Chris Philp, a Conservative MP and Parliamentary Private Secretary to Chancellor Phillip Hammond, says 50 per cent of new homes in London should be reserved for British buyers.
Philp, the MP for Croydon South, has written a paper for the right wing think-tank the Centre for Policy Studies, proposing a string of planning reforms to increase home building and promote home ownership.
His proposal regarding new builds in the capital would apply to all schemes of more than 20 homes and emulates similar principles put forward in Switzerland, Australia, Canada and Denmark, where domestic buyers are favoured in certain cases.
The document says the average first time buyer now has to save for 10 years to put together a deposit, and suggests home ownership rates falling among the young.
The report says:
- the gap between the number of new homes the UK needs and the number being built each year now stands at 76,000 a year - it says this is an improvement on the figure of around 150,000 under Labour;
- of this shortfall, some 40,000 per year are in London and another 10,000 each in the East and South-East;
- the cumulative housing shortage since 2000 has reached 343,000 in London and 96,000 in the South-East;
- over a 25-year period, a home owner will end up between £100,000 and £300,000 richer than a renter;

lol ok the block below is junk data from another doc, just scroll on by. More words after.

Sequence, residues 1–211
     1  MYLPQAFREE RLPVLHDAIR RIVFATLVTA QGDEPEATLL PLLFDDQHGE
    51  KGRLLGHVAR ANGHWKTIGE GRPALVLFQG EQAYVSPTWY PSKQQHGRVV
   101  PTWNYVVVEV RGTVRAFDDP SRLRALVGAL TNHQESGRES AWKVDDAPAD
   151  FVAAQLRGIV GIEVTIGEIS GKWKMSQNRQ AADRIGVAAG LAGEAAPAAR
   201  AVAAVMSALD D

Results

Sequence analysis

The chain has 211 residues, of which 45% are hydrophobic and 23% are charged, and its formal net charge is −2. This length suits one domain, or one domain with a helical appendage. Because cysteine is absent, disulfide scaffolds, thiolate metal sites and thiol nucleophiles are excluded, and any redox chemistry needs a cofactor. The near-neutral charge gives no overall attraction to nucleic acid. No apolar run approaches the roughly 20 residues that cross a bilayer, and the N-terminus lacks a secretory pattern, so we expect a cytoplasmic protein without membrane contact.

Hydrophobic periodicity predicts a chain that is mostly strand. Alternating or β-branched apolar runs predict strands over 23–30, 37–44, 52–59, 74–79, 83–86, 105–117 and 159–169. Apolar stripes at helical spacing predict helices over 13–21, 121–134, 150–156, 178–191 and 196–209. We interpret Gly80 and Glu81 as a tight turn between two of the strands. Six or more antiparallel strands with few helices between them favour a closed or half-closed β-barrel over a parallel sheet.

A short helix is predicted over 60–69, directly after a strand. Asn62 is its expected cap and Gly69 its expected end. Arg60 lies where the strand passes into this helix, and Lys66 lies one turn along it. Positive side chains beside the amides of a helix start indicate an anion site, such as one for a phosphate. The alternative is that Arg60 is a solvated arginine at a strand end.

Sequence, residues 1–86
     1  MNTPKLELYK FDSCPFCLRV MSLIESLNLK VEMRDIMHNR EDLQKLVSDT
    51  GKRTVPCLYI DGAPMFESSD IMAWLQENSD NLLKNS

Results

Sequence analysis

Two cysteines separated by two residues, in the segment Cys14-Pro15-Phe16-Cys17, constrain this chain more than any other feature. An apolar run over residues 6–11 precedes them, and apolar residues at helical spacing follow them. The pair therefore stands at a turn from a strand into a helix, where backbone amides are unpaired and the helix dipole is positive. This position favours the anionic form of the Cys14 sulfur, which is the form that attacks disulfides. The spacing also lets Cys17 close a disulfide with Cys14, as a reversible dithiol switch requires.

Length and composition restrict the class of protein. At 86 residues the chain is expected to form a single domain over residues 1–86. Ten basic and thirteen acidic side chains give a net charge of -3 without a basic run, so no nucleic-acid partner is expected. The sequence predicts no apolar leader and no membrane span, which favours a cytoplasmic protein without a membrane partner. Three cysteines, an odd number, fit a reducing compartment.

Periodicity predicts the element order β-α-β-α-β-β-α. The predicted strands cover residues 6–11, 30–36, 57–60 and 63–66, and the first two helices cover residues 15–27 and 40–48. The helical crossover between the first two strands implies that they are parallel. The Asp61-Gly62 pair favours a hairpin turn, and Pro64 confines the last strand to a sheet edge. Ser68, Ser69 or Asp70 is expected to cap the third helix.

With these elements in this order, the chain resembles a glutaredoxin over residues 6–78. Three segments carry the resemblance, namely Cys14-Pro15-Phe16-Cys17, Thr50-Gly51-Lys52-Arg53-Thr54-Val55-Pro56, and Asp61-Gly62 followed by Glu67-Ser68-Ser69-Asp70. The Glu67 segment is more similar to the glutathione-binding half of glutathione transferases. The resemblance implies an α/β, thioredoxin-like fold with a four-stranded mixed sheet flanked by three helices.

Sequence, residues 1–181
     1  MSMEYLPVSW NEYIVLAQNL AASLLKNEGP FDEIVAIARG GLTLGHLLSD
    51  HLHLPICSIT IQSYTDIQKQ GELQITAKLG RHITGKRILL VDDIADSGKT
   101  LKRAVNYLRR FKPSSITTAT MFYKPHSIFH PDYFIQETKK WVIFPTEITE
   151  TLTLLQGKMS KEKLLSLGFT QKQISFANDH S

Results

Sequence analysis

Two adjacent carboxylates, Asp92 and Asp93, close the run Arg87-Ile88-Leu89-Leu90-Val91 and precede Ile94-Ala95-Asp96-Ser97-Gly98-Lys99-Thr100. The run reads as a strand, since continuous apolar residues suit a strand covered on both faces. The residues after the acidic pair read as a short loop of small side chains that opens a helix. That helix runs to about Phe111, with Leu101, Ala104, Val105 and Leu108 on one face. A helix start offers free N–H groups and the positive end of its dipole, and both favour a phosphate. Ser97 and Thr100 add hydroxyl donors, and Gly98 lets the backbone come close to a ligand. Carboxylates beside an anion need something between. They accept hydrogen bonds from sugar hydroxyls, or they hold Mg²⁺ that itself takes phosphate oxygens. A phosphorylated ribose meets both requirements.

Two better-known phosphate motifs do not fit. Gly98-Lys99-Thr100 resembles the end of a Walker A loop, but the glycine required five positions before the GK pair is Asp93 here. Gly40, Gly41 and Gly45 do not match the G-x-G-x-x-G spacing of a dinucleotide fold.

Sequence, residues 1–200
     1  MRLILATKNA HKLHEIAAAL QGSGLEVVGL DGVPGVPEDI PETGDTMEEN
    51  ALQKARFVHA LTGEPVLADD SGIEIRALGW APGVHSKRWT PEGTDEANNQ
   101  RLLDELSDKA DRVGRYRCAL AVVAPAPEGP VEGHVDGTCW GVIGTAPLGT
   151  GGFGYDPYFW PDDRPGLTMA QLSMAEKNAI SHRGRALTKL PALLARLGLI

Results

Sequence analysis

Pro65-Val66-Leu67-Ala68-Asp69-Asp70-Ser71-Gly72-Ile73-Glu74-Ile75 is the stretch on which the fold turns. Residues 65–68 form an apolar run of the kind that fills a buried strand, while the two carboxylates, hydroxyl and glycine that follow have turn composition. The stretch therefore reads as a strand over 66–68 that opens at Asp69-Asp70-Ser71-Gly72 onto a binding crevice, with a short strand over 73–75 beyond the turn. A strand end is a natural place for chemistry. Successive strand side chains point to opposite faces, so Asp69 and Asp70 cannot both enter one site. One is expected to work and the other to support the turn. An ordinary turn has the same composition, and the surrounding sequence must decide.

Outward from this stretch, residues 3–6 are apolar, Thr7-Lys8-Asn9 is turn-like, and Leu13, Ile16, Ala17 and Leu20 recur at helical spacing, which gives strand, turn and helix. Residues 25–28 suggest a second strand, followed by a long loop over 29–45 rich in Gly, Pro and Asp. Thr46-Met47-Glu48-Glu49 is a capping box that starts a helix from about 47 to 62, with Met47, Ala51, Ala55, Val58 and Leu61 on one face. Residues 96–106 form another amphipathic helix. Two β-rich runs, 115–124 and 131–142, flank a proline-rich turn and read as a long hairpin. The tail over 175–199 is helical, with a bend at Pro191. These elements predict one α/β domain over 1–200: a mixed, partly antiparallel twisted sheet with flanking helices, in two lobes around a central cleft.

- the report also claims that in London, the number of housing starts has gone backwards under Labour mayor Sadiq Khan. “There is also evidence that an increasing proportion of those homes that are being built are ending up in the hands of foreign buyers – and not just in the prime areas of Central London” says the Centre for Policy Studies.
The report welcomes the new attempt to encourage first time buyers by removing most of them from stamp duty, the report makes a series of proposals for speeding up the planning system and tilting its outcomes further towards first time buyers.
These include the merger of the Community Infrastructure Levy and Section 106 requirement for developments under 100 homes; the removal of the affordable housing requirement for developments under 20 units; “Pink Zones” in which development will be automatically approved within certain parameters; fast-track planning approval and dispute resolution; speeding up the disposal of public land; strengthening the Government’s ability to act on housing issues; and promoting “staircasing” agreements by which renters can gradually buy their homes over a period of years, at the initial price.
“The government has taken huge steps to increase homebuilding from the low of 125,000 a year left behind by Labour to nearly 200,000 today. But more needs to be done. We need to place home ownership at the front of the policy agenda and make sure that first time buyers get all the support possible to get onto the housing ladder” says Philp.